Slant / Fin Corp. plans to lay off 68 workers after selling its baseboard heater to a company in Massachusetts, according to a government case.
The Greenvale company will continue to make a series of boilers and retain 175 to 200 workers, said CFO Charles Famoso.
The layoffs, represented by Local 485, the International Union of Electrical Workers-Communications Workers of America, are expected to take place on March 31.
A union employee did not immediately respond to a request for comment.
Slant / Fin sold its baseboard heat manufacturing business to Mestek Inc., based in Westfield, Massachusetts, in April.
The financial terms of this agreement were not disclosed.
Famoso said Mestek has not offered Slant / Fin workers facing layoffs an opportunity to move to Massachusetts.
In 2016, Slant / Fin agreed to earn $ 3 million in improvements to its 188,650-square-foot factory and warehouse in Greenvale in exchange for tax breaks from the Nassau County Industrial Development Agency.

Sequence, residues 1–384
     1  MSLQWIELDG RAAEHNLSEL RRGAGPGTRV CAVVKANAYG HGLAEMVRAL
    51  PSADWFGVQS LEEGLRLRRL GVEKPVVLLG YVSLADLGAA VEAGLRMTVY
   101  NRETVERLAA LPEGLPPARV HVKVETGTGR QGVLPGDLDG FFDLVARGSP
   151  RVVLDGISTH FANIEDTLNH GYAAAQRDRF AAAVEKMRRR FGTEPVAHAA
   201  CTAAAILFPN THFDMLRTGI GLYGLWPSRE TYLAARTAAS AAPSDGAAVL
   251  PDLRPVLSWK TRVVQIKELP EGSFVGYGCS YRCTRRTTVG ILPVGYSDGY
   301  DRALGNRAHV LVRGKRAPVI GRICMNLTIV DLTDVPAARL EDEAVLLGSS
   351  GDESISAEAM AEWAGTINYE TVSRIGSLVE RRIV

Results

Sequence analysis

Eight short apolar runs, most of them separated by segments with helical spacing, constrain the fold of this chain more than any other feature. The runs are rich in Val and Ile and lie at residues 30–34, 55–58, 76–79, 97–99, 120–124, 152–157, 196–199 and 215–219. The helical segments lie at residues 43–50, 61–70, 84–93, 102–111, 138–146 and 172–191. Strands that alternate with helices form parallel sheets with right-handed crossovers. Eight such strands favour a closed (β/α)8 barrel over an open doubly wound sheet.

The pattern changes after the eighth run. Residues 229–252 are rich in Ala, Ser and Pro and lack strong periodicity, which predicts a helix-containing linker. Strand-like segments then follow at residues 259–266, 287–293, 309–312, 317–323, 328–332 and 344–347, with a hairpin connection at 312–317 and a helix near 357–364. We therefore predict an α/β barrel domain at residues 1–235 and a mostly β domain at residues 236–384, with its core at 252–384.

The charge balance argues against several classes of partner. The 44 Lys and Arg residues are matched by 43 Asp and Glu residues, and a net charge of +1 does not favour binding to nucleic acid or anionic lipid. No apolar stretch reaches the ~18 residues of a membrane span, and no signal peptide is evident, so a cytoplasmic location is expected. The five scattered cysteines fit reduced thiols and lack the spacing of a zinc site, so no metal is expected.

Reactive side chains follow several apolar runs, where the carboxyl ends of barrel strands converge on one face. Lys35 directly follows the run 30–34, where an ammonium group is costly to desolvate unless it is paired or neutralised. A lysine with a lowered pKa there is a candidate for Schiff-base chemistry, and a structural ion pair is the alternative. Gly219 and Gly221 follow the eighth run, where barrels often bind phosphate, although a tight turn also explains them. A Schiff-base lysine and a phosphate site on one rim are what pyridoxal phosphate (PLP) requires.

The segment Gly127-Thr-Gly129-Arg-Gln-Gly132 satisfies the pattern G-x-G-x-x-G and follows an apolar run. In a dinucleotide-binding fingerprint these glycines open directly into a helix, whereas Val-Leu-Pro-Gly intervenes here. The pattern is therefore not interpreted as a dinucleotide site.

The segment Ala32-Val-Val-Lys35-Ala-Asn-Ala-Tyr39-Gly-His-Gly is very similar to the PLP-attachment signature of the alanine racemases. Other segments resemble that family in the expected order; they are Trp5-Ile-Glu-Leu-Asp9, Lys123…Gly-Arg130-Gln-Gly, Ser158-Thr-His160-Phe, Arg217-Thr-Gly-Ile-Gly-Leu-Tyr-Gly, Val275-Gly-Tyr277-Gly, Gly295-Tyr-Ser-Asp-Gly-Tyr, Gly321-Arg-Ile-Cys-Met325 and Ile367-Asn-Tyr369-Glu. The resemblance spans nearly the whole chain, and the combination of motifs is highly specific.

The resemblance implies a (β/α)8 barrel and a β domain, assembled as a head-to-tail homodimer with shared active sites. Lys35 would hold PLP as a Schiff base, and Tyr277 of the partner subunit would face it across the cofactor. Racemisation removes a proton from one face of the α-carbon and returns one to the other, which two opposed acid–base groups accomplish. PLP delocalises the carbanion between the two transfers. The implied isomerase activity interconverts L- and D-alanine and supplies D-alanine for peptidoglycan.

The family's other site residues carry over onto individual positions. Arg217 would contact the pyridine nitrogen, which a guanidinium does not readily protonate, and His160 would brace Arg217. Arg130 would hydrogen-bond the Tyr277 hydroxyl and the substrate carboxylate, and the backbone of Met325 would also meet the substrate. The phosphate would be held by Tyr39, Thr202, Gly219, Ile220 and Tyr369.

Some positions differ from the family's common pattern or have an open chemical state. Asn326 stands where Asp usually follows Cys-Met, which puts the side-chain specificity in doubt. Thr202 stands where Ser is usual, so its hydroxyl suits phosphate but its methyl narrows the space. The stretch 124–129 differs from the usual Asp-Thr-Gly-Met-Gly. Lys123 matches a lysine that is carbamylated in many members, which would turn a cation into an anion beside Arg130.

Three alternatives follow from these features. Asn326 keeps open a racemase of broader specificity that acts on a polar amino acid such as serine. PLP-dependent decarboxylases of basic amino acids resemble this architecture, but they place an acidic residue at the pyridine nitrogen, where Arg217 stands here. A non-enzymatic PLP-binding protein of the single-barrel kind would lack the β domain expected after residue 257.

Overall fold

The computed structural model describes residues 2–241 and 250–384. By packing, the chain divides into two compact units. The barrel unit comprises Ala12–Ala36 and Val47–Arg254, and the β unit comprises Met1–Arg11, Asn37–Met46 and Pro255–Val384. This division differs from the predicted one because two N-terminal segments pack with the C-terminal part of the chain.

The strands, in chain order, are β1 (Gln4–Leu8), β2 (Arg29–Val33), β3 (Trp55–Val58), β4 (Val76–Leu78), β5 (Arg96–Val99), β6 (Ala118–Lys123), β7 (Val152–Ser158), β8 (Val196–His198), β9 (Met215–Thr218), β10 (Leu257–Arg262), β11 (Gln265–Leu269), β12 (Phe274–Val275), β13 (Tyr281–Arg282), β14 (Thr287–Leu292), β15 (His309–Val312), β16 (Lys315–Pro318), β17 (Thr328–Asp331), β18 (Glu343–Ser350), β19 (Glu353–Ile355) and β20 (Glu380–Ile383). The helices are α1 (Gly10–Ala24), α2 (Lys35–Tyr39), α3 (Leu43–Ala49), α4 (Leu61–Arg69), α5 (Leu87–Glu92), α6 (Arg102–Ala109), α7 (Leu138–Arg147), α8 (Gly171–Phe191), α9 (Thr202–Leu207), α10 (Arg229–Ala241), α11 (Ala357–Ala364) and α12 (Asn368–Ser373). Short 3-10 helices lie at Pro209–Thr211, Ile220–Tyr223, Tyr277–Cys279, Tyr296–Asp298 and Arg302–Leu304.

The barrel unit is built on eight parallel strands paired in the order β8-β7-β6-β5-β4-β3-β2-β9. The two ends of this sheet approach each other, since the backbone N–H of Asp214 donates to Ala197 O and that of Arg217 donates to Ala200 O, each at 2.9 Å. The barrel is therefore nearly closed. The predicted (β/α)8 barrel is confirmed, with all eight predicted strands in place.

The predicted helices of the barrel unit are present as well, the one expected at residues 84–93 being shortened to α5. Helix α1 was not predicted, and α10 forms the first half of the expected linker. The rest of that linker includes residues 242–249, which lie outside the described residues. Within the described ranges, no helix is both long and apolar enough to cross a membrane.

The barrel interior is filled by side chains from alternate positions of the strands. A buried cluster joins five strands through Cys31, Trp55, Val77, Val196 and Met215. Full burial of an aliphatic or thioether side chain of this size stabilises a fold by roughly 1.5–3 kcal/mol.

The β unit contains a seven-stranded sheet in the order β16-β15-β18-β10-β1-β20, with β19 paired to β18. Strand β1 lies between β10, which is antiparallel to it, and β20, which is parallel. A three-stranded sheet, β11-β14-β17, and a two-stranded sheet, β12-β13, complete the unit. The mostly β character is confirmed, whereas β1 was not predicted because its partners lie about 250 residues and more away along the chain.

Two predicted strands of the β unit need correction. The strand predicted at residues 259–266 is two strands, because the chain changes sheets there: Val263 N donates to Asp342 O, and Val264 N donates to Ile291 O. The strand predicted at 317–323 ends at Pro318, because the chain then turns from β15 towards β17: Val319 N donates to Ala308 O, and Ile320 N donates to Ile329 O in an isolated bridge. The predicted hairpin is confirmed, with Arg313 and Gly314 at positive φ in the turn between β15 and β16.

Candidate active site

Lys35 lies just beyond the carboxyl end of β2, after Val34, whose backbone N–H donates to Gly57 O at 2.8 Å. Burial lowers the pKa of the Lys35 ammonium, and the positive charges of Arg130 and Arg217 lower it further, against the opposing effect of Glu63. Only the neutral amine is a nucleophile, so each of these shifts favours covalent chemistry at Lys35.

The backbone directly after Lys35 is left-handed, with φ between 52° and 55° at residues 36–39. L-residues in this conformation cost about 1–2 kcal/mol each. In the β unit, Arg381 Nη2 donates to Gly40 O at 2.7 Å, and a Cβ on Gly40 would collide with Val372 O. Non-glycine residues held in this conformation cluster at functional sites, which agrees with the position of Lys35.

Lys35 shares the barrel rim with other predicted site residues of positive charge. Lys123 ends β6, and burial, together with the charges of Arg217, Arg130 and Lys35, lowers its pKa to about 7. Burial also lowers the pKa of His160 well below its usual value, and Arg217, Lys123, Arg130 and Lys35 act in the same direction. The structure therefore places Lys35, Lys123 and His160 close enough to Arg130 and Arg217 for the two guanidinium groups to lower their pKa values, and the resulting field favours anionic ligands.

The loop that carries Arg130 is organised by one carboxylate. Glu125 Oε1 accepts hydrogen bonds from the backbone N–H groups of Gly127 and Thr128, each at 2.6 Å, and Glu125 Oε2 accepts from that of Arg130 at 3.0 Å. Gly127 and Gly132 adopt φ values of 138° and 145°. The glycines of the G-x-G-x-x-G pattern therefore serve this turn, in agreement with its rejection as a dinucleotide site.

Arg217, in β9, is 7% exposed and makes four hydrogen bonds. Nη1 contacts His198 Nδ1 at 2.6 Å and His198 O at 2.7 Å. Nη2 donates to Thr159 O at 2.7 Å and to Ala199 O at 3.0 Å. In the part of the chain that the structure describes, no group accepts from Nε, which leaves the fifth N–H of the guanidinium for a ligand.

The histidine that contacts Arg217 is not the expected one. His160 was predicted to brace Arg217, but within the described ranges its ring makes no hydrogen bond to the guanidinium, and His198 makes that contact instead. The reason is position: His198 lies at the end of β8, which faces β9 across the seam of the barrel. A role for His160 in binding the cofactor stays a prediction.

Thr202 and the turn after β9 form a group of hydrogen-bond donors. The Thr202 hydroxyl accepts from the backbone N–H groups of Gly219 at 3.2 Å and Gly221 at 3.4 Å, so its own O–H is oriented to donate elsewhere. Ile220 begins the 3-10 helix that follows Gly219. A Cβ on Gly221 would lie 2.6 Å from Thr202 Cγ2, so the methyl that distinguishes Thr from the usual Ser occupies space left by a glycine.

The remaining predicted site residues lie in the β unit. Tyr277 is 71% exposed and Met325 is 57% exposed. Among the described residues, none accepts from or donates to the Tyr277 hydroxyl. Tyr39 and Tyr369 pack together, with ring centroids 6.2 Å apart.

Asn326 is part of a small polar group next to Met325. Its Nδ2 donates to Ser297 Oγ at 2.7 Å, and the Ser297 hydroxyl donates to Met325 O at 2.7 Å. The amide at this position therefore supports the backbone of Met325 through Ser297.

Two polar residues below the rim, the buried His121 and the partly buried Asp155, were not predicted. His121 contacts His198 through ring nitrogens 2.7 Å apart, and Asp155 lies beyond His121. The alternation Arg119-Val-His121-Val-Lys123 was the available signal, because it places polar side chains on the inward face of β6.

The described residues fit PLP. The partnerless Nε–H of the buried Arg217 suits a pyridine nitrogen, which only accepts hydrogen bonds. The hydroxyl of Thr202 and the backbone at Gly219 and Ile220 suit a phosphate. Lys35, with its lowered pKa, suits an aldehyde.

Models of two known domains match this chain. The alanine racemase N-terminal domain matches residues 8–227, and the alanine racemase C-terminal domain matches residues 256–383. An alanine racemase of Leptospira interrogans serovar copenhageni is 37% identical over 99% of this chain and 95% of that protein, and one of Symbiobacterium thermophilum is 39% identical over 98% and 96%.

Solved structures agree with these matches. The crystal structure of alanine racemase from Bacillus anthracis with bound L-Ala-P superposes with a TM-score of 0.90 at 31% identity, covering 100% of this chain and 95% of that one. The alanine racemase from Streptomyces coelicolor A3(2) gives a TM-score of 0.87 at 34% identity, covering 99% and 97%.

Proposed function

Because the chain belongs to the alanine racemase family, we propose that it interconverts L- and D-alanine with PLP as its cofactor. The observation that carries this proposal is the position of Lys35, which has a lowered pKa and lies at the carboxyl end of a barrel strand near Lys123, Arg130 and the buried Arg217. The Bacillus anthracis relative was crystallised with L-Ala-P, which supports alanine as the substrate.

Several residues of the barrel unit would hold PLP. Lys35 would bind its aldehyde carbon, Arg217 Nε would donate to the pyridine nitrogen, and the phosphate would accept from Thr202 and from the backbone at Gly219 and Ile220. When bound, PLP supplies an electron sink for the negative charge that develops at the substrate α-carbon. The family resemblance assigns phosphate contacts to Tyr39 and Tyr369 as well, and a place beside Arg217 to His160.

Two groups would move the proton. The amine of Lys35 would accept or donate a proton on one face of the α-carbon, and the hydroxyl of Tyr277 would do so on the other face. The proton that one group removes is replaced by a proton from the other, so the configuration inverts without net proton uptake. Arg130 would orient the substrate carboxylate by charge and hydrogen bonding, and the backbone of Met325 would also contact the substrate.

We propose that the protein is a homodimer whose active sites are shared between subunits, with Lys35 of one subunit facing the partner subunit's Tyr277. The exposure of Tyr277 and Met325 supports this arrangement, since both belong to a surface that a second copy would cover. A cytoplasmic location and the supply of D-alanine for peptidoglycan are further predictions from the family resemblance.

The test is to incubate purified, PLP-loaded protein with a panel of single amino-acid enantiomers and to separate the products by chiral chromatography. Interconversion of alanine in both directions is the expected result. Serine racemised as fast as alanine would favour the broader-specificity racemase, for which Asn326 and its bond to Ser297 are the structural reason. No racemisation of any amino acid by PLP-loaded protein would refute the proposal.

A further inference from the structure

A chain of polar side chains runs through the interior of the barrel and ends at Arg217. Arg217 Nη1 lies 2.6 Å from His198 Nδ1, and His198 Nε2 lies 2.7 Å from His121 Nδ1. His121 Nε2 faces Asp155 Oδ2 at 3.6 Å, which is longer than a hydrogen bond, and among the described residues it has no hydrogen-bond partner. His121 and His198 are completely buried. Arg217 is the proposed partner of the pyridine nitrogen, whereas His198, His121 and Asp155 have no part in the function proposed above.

That deal turned down an offer from Connecticut officials for loans and tax breaks to move operations to Waterbury.
Famoso said the company ended its tax reduction program with IDA and “has no responsibility.”
Slant / Fin was founded in 1949 in Coney Island, Brooklyn, by engineer Melvin Dubin.
Dubin, a veteran of the U.S. Army who worked on the Manhattan Project in Los Alamos, New Mexico, to develop the first atomic bomb during World War II, died in September 2015.
His family maintains a controlling interest in Slant / Fin.
The company’s radiator design innovation – sloping, interlocking fins for increased strength and heat output – made the Slant / Fin name widely recognized in the industry.
The acquisition of Mestek allows the company to use the Slant / Fin name in the marketing of baseboard heaters, Famoso said. Mestek has a broad portfolio of brands in the field of metallurgy and heating, ventilation and air conditioning.
The Greenvale company will continue to operate as Slant / Fin and use the brand for the sale of boilers.
Boilers, like stoves, burn fuel such as heating oil or natural gas for heating the home or commercial. While furnaces heat the air directly, boilers heat water, which is sent through a radiator system.